The Seven Bases of Confusion
Rule 3: Confused People Focus on the Negatives
It’s easy to focus in on what’s wrong - and nothing changes.
The Phoenix Perspective:
focusing on what can be changed is freeing.
Most people are experts at discovering things that they consider to be wrong. They then blame themselves or others for these supposed wrongs. Then, as if that isn’t enough, they go on a collecting spree, building up a list of perceived wrongs, thus finding “evidence” to support their feeling of being hard done by.
For example, many couples blame their spouse for all the problems in the relationship. It starts out innocently enough. The glow wears off, and she looks at him and says, “Boy, look at that! Is he ever inconsiderate.” Or, “She was certainly more interesting when we were dating.” Almost always it’s something small.
Having heard the thought, the ego gets involved. It does one of two things. It either says, “Well, given the fact that you are a rotten person, you deserve this,” (self - blaming) or says, “Yeah. He is a jerk. Remember when he . . .” (blaming the other.) The ego then puts in an order to the subconscious, to provide evidence.
In either case, they’re off to the races.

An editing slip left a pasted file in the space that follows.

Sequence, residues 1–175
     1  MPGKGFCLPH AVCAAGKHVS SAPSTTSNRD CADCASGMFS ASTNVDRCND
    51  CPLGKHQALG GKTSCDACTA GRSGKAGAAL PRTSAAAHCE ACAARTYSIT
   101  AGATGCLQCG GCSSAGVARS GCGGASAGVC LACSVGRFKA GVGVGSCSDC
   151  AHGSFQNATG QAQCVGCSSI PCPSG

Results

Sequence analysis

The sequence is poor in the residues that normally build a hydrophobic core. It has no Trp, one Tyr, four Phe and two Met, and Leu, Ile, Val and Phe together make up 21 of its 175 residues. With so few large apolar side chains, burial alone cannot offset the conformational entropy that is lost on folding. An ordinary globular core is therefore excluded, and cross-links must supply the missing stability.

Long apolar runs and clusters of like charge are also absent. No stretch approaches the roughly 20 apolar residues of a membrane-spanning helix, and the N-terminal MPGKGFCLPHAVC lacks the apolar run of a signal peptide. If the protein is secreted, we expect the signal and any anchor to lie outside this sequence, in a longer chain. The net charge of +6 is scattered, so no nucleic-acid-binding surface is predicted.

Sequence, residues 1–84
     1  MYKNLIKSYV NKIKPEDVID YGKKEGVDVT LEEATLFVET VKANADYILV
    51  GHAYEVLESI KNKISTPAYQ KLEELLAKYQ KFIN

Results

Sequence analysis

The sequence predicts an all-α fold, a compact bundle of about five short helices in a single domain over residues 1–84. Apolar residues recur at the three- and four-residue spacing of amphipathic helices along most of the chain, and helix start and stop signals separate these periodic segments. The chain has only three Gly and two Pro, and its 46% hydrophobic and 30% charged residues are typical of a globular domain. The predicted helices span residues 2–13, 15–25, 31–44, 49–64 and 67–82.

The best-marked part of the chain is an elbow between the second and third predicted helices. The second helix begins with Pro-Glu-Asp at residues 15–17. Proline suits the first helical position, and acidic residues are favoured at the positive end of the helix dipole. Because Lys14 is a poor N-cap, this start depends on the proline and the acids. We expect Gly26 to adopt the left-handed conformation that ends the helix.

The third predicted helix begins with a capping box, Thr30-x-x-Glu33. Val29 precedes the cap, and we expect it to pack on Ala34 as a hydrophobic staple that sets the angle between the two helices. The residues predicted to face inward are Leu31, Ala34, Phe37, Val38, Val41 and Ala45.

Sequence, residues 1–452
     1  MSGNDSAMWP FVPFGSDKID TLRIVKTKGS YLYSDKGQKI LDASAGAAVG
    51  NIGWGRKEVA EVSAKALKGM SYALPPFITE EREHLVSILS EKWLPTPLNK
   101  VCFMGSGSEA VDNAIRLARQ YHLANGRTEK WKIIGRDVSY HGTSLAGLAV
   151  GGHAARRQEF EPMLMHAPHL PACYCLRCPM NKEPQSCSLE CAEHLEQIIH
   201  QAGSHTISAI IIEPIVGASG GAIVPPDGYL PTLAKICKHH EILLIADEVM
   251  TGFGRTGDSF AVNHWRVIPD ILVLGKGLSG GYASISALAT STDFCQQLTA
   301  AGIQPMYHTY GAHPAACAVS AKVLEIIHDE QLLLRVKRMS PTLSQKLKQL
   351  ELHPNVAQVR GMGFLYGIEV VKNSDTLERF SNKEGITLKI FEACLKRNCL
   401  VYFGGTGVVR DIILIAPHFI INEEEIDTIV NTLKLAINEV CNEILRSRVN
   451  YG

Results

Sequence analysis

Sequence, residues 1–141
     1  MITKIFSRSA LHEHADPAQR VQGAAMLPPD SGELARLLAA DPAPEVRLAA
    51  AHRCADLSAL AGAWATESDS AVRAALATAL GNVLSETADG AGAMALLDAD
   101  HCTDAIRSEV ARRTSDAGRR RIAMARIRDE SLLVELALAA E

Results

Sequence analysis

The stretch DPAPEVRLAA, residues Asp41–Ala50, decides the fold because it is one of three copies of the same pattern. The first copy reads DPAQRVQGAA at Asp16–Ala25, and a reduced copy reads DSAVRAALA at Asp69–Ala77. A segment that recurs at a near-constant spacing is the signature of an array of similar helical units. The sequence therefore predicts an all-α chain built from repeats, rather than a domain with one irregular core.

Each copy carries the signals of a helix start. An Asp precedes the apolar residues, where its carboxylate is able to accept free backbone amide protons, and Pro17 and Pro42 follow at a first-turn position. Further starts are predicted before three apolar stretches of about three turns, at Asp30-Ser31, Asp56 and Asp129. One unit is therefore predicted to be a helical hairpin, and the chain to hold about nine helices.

They’ll start paying attention to the collected evidence. Soon, all they’ll notice are the negatives.
The question I want you to think about is this: If all you do is list the negatives, what has changed?
If all you ever do is list the negatives, and build a case for the negatives, at the end of the day what you have done is construct a world that is totally negative. You’re stuck there, feeling miserable - and have accomplished nothing. Yet, everyone has an area of their life where just the opposite is true, where you can easily see positives.
For example, perhaps when it comes to work projects, you’re elegant. You see a problem, identify it, define it, and then spit out reams of possible solutions. In your personal life, however, you simply make lists of your partner’s failures.
The solution is obvious: Identify what works and what doesn’t. Polish what works in other areas of your life and transport those skills and abilities to what doesn’t. If you resolve business problems with the greatest of ease, do you really think that the same skill won’t work in your personal life?
Your third exercise: Can you think of an area in your life that “works?” What skills and understandings do you routinely use successfully? What would it be like to transport them to areas of conflict?